Obedience—is it an outcome of our faith walk or is it the means by which spiritual maturity is accomplished?
A discussion of obedience seems most appropriate for the Lenten Season. As I read the accounts of the apostles and other great propagators of the faith, it is evident that obedience played a major role in their faith walk. The hallmark of obedience is modeled by our Lord and Savior, Jesus Christ. Christ is the perfect model as we too journey to the Cross.
The Apostle Paul uses the Greek word for obedience, hupekoos. Hupo mean “under” and akous means “to hear”. Christ was under the direction and conviction of God. He was obedient to the law of God that stated that without the shedding of blood there could be no remission of sin (Heb. 9:22).
We see the character of obedience displayed through the humility of Christ. “Christ Jesus, who, being in the form of God, did not consider it robbery to be equal with God, but made Himself of no reputation, taking the form of a bondservant, and coming in the likeness of men. And being found in appearance as a man, He humbled Himself and became obedient to the point of death, even the death of the cross.” Philippians 2:5-8
In this text, the Apostle Paul uses the Greek word hupekoos. Hupo mean “under” and akous means “to hear”. Christ was under the direction and conviction of God. He was obedient to the law of God that stated that without the shedding of blood there could be no remission of sin (Heb. 9:22). He humbled Himself as Deity and as a man, shed His blood for our sins.
We see the character of obedience displayed through the submission of Christ. “Therefore, as through one man’s offense judgment came to all men, resulting in condemnation, even so through one Man’s righteous act the free gift came to all men, resulting in justification of life. For as by one man’s disobedience many were made sinners, so also by one Man’s obedience many will be made righteous.” Romans 5:18-19
Here obedience is the Greek word hupakoe which means “attentive harkening, compliance or submission”. It usually refers to obedience to God’s will in a “special sense”—of willing subjection. Unlike the animals used in previous sacrifices, Christ came willingly to the Cross. He expressed His submission to God’s will in the Garden of Gethsemane as He repeated “not My will but Your will be done” (Matt. 26:39, 42; Mark 14:32-36).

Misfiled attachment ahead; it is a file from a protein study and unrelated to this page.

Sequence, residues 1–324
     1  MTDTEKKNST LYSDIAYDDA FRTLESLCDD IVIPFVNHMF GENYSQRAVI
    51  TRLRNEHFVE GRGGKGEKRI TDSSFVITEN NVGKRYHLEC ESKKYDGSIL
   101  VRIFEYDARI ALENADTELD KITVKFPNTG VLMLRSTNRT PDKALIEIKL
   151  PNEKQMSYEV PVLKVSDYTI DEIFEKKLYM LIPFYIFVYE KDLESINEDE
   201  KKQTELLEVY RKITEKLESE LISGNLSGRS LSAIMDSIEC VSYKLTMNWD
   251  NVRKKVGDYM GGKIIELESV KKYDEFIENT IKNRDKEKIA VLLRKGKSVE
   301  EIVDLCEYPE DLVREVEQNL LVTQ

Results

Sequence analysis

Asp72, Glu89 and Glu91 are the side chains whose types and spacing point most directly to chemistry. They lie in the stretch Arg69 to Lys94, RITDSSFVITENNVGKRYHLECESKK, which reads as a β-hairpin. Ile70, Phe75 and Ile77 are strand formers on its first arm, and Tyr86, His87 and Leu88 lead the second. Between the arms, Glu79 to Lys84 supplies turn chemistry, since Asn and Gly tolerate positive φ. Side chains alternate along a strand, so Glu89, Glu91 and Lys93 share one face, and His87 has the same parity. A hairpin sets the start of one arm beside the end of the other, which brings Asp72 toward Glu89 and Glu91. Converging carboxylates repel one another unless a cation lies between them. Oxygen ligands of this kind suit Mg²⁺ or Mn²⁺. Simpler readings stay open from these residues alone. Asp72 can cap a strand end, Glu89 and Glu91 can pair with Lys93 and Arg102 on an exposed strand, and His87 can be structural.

We see the character of obedience displayed through the suffering of Christ. “(Jesus) who, in the days of His flesh, when He had offered up prayers and supplications, with vehement cries and tears to Him who was able to save Him from death, and was heard because of His godly fear, though He was a Son, yet He learned obedience by the things which He suffered.” Hebrews 5:7-8
Hupakoe is still the translation of obedience here. Through His suffering, Christ met the need for a human who could fit God’s righteous requirement (Matt. 5:13) and prove to be the perfect sacrifice to take the place of sinners (1 Pet. 3:18). He “learned” obedience to confirm His humanity and to experience humanities’ suffering to the fullest (Luke 2:52).
“And having been perfected, He (Jesus) became the author of eternal salvation to all who obey Him” (Heb. 5:9). To obey or hupakova is the manifestation of faith as revealed in the humble acceptance of the Gospel message. This is our opportunity to display obedience. Acceptance of the Gospel requires acceptance of Christ as not only Savior but also as Lord of our lives. We no longer live for ourselves but for Him (Gal. 2:20; 1 Peter 4:2). In obedience, we learn to have the “same mind of Christ”—obedient in humility, submission, and in suffering.
In a world where defiance and noncompliance is encouraged and revered, Christ offers a different model for living. Just think, through His obedience two-thousand years earlier, He changed the “eternal outcome” to “all who obey Him” (Heb. 5:9). Once destined to an eternity in hell, we now are partakers of eternal life (John 3:16). That’s something to shout about!